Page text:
Tuberculosis (TB) is endemic in this part of the world, involving 1.5% of our population.[8] Skeletal tuberculosis can present with articular/epiphyseal, articular/metaphyseal, metaphyseal without joint or flat bone involvement. It also can present as soft tissue swelling. The morphologic appearance can be similar to that of a lytic tumour or a destructive joint lesion. Soft-tissue TB presents as an abscess. On the basis of radiologic appearance, it can be difficult to differentiate peripheral osteoarticular and soft-tissue TB from other degenerative, inflammatory, or neoplastic disorders.[9] To prevent a delay in diagnosis, bone metastases should be considered in the differential diagnosis of multiple destructive skeletal lesions, even in young patients. If patient is not showing any improvement after about 6–8 weeks of ATT then alternate diagnosis should be strongly considered. In our patient ATT was continued for about 12 months despite no response and because of this crucial time was lost before a diagnosis of malignancy could be made. If diagnosed earlier, patient may have benefited from appropriate chemotherapy and/or radiotherapy.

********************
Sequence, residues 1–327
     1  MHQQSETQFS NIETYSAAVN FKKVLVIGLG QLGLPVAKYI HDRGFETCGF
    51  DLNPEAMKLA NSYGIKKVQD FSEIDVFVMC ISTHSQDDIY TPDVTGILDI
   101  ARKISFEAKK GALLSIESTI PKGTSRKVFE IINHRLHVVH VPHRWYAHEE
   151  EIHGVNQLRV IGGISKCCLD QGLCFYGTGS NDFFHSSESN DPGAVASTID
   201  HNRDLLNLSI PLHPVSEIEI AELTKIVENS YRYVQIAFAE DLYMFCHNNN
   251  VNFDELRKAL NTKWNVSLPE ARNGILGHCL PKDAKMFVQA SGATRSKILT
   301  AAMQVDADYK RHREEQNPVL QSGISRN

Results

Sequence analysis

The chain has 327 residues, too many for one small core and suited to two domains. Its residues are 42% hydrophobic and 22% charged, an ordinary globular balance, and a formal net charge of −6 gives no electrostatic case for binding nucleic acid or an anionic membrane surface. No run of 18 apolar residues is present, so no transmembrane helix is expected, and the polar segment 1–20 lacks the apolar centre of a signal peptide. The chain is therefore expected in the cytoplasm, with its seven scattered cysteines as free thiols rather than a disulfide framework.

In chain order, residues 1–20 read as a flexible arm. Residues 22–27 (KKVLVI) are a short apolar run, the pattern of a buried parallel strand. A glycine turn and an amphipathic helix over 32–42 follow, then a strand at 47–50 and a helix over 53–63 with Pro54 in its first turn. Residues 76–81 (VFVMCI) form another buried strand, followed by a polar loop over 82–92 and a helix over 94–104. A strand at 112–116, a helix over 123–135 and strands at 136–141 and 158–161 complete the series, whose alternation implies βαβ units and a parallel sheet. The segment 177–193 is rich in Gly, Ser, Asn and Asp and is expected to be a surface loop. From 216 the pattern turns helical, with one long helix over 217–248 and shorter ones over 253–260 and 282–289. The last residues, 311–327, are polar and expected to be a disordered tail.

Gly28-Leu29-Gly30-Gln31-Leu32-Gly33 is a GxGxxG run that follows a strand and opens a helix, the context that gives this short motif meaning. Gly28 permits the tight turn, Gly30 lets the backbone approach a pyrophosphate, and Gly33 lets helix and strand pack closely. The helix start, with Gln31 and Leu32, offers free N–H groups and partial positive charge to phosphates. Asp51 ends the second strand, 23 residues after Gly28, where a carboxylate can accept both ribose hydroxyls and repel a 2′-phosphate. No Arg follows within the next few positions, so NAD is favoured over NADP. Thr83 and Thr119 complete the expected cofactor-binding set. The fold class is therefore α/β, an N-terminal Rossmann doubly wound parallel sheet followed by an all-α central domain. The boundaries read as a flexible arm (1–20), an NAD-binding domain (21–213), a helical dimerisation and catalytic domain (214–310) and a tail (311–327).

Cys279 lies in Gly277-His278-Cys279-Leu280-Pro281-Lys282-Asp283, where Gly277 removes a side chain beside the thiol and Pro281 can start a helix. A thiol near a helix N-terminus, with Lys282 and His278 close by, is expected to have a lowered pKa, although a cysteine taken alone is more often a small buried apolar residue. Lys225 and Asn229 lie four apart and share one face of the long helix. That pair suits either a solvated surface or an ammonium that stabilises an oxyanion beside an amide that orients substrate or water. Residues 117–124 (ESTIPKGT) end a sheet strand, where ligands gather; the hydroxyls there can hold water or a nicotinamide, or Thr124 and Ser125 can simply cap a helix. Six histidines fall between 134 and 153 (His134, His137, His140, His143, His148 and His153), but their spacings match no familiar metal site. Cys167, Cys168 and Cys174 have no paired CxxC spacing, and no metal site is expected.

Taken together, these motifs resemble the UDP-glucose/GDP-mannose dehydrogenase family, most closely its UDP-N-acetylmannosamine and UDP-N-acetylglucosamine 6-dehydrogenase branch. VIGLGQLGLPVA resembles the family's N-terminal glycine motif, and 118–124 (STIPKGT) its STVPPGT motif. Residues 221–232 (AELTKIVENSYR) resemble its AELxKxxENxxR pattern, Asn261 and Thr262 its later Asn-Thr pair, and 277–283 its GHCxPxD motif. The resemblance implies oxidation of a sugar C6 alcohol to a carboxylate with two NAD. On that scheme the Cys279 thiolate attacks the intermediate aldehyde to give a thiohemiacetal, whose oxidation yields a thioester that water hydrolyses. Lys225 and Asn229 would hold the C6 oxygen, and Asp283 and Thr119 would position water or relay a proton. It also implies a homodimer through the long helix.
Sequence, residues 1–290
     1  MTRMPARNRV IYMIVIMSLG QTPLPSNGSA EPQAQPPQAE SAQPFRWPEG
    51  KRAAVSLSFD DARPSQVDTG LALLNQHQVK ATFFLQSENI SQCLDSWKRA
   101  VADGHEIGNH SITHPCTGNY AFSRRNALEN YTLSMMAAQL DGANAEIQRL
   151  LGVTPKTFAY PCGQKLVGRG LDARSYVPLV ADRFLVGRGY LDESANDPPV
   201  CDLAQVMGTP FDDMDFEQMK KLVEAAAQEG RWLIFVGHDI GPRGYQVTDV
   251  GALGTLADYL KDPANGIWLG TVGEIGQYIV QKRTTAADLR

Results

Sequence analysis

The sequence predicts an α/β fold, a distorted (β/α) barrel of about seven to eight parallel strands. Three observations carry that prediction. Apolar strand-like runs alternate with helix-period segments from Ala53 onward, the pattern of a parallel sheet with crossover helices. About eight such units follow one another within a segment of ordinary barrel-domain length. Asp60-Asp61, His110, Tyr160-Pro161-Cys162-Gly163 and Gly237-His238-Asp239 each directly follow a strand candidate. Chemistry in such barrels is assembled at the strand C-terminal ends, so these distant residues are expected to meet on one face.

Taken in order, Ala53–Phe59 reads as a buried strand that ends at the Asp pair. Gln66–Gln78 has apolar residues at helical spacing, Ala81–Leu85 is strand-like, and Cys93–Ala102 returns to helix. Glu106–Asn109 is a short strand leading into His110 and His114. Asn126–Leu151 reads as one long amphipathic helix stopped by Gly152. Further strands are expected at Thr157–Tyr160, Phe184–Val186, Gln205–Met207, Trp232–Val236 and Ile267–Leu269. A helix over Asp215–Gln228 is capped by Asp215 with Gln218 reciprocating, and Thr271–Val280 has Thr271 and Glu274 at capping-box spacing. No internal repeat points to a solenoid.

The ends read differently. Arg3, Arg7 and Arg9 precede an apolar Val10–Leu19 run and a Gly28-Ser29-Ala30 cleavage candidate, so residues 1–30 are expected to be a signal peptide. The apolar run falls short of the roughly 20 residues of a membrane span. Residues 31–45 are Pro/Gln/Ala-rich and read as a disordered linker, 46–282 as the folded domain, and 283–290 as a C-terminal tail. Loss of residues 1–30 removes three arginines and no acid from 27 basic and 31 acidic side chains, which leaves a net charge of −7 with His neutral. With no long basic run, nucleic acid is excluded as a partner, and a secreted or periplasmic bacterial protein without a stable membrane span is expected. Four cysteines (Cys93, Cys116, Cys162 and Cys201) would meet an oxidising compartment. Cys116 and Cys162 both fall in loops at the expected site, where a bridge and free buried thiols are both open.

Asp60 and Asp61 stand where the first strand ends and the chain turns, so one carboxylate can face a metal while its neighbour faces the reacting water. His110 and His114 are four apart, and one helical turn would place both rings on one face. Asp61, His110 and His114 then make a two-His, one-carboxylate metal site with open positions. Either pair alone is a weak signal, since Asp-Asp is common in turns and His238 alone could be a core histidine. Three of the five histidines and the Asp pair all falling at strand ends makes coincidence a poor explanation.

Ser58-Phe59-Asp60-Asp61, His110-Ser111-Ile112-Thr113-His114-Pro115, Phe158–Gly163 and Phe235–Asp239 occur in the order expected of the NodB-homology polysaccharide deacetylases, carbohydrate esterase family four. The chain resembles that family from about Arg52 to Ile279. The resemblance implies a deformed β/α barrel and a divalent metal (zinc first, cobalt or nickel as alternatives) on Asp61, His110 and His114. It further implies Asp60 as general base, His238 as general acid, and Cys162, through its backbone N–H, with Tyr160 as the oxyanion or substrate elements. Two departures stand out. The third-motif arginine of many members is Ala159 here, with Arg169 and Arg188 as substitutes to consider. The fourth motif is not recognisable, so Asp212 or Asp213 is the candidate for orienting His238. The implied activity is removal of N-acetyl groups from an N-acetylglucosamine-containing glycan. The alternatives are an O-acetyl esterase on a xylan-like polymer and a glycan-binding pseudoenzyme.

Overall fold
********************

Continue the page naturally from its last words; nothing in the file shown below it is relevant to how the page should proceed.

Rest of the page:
Conclusion

In conclusion, our case is unique because he taught us several lessons not only in the management of bone pains and body ache, an often neglected complain, but also in the humane care of a dying young patient. Although masquerading as tuberculosis lytic lesions might be metastatic lesions from a malignant source. Treatment is usually ineffective in this stage of disease. Palliative efforts to improve quality of life may go a long way in comforting the patient.

Consent

The patient expired during the course of his treatment during hospitalization. Further attempts to obtain consent from the patient's immediate family members and relatives have proved futile because they are not traceable.

Abbreviations

TB: 

Tuberculosis

CT: 

Computed tomography

MRI: 

Magnetic resonance imaging

ATT: 

Anti-tubercular therapy

Declarations

Authors’ Affiliations

(1)
Department of Medicine, All India Institute of Medical Sciences
(2)
Department of Radiodiagnosis, All India Institute of Medical Sciences
(3)
Department of Haematopathology, All India Institute of Medical Sciences

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Copyright

© Vijay et al; licensee BioMed Central Ltd. 2009

This article is published under license to BioMed Central Ltd. This is an Open Access article distributed under the terms of the Creative Commons Attribution License (http://creativecommons.org/licenses/by/2.0), which permits unrestricted use, distribution, and reproduction in any medium, provided the original work is properly cited.